Anyway, I thought everything you said made perfect sense to me. I especially think that your point on intention is perfect for number one…without serious intention and determination there is no hope of breaking any addiction or in fact changing any behaviour. Obviously the remaining strategies are critical too.

    I’m wondering if that saying that it takes 30 days (or something like that) to make or break an addiction is another key? Sometimes when we are trying to give something up, it can become all consuming, and that’s when we fail…but if we knew that it was a given amount of time and then it would become easier after that, perhaps that’s another motivation?

    I know from my studies and research that the worst possible thing for example with drug & alcohol addictions (& I’m guessing for others too) is to go back to using when actually giving up…as it strengthens the addiction more by psychologically reinforcing the need.

    Anyway, really interested in hearing more from you on this issue Scott.

    Cheers & thanks
    Susan

    • Susan,

      Thanks for stopping by. I’ve proven to myself that I’m just as good at hindsight bias as anybody else. Knowing this, I try to take a different approach to the things I’m studying. I tend to find my own ways to experiment, to learn by direct experience (when that’s appropriate), and to observe everyone and everything related to my topic of focus.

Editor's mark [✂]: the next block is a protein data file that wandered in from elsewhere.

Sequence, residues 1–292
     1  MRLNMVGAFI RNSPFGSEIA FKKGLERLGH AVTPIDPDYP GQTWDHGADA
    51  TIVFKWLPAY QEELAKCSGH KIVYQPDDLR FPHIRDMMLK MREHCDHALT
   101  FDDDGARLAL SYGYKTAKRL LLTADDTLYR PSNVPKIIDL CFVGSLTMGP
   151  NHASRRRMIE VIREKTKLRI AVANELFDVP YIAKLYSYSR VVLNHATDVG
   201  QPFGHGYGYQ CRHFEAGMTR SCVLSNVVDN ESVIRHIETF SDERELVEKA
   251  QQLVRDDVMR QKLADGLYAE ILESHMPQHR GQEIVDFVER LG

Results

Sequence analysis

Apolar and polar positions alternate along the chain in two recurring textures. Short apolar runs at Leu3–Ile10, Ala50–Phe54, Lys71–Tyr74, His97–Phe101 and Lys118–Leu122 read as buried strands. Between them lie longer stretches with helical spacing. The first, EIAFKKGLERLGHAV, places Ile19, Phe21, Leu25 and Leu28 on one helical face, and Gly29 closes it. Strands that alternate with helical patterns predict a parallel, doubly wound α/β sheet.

But more than that, it takes some serious contemplation. And that’s where being unbiased is really important. Bias is another topic I’m always exploring, but I digress… When I’ve turned my focus to a specific behavioral puzzle, I tend to not read much about it when I’m actively trying to decode it. I’d rather form my own conclusions first.

      You know, Susan, I’m not a big fan of the claim that it takes 3 weeks to form a new habit (good or bad), even though I know there is some data to back that statement up. However, I don’t know about the studies and how the data was gathered. There is so much that happens when a new habit is being formed. There are so many seen and unseen details to take into account. But regardless of that, it doesn’t matter how long it takes to form a new habit, I can tell you from direct experience that it sometimes takes only seconds to break a habit even when it’s one you’ve had for years. If it’s a habit you didn’t want to break, then that’s a problem.

      Personally, I think it takes less time to break habits you want to keep then to break habits you don’t want to keep. I have observed this in my own life and in a few other people’s lives. But I don’t know if that’s true on a bigger scale.